3. The Content of The Communication = the stuff, details, features, benefits, opportunity, etc. we are communicating, which we want them to know. (Less is More! The less content the better, and eliminate the self-congratulatory phrases and put the product superlatives in the trash where they belong. Save the plaudits about your company for the recipients to decide upon. Customers like to sell themselves.)

The Content of Your Communication = What are you offering?

Understanding The Content of Your Communications.

Like everyone in business, what you are offering (selling) is capable of being quantified, and since all things are quantifiable, no matter how you intend to dress up your communications with catchy phrases, you sell stuff. I sell stuff, you sell stuff, all god’s children sell stuff, especially when we pretend we really aren’t selling stuff, or if we are forced to admit that we sell stuff, our stuff is better than their stuff. (Their stuff = what they already have or what they might be thinking of buying from our horrible competition.)

Since you sell stuff, the content of your communications (spoken or written) will need to have some features and benefits so that your recipients will like your stuff.

Before we focus on the good stuff (great content), which all communications need let’s look at the Concept (the rationale) for what we want the communication/s to provide. Let’s pretend your products and services (the content) are contained in a vessel, and your vessel is on an ocean, and your vessel is coming from somewhere, and you’re headed somewhere. Your stuff is the Content, and you vessel is the vehicle (media, website, brochure, sales talk) which contains your stuff, and where you are headed and why is the Concept, and the way you hold your relationships with your associates and customers is the psychological climate (the Context) which affects where you are headed, and why, and where you are coming from.

Your Communications Reveal The 3C’s.

  1. The Context is the climate. Your climate, the one you have decided to operate within, is either.
    1. You AND Me. (And is a multiplier. And = a cooperation.)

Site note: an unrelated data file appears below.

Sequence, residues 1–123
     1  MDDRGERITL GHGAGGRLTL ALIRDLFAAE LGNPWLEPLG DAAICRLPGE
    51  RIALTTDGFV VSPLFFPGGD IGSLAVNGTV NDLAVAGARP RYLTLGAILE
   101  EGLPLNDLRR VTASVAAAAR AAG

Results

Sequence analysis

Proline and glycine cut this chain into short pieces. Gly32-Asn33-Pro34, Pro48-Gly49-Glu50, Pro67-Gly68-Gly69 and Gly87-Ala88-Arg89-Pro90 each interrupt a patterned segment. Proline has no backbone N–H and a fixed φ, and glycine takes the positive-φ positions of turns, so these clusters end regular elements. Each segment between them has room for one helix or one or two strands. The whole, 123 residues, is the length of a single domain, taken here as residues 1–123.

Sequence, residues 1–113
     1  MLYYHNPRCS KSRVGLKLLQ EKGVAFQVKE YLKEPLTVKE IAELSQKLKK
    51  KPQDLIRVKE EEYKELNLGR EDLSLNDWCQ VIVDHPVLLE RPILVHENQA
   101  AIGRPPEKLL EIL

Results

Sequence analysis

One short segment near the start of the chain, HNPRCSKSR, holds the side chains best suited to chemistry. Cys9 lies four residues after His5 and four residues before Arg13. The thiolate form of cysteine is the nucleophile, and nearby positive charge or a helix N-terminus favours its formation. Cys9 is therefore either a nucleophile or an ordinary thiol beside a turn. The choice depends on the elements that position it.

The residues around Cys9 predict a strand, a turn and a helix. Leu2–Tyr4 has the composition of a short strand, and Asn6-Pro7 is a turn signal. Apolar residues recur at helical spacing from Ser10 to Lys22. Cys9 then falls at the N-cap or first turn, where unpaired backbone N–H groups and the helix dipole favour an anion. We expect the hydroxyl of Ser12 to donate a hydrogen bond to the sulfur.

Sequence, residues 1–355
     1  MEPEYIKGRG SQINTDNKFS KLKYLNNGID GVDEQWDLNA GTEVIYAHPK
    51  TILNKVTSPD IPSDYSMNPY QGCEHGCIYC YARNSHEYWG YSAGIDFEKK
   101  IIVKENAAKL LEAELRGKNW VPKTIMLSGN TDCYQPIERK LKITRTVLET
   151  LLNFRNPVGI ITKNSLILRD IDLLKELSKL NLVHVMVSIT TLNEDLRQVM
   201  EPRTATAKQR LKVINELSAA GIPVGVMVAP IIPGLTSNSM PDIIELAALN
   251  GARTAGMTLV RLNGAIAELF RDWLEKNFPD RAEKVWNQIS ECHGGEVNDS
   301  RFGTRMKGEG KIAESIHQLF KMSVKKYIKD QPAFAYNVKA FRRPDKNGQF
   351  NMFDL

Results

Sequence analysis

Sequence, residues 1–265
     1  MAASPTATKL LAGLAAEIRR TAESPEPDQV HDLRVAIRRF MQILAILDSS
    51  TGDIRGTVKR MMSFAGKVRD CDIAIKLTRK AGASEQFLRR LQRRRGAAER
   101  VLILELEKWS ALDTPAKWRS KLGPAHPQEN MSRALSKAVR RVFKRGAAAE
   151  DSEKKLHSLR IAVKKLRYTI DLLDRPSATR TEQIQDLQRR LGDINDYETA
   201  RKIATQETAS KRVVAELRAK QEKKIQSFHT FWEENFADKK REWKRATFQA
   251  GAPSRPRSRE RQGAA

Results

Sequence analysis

2. You OR Me. (Or is a divider. Or = a contest.)
  2. The Concept is your journey and why you are taking it. There are only two objectives (why you are communicating) for marketing and sales communications:
    1. You want to sell a Doing Business Relationship to the recipient/s.
    2. You want to sell a Product Purchasing Relationship to the recipient/s.
  3. The Content is what you are offering. There are only four subjects which describe the features and benefits, and the opportunities and value of what you want to sell them according to the relationship you wish to have with the customer. (See preceding paragraph.)
    1. The Product = simply described without the puffery. Short sentences, Save the “good, better, best” superlatives for your associates. No bragging to customers.
    2. The Support = pre-decision (pre-sale) & post-decision (post-sale) support.
    3. The Proposition =pricing, terms & conditions which you offer. (Since most sellers have “value propositions,” there is no point in pretending that one is better than the other unless a seller has a Specific Proposition which less than 1% of potential customers might receive. In all cases this Specific Proposition is customized to suit the situation, and never presented in a glossy format. It is always verbal and delivered in person, and when it is accepted, then it is reduced to writing. Thus, every seller has a general way of doing business, and this should be described in The Proposition.
    4. The Company = a bit of history. No mission statements. No self-congratulatory smoke. About us should be personal with a touch of biographical information. Save the nobility for your family and friends. When they laugh at you, you won’t be upset because you’re used to it!

 

Added Thoughts:

  1. The quality of your content depends on the quality of the concept (your reason) for communicating it.